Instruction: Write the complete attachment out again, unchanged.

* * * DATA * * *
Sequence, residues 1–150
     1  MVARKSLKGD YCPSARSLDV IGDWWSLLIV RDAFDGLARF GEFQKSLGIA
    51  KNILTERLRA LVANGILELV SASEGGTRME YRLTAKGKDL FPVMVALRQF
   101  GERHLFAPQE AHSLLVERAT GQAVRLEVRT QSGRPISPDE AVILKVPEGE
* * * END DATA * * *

Sequence, residues 1–150
     1  MVARKSLKGD YCPSARSLDV IGDWWSLLIV RDAFDGLARF GEFQKSLGIA
    51  KNILTERLRA LVANGILELV SASEGGTRME YRLTAKGKDL FPVMVALRQF
   101  GERHLFAPQE AHSLLVERAT GQAVRLEVRT QSGRPISPDE AVILKVPEGE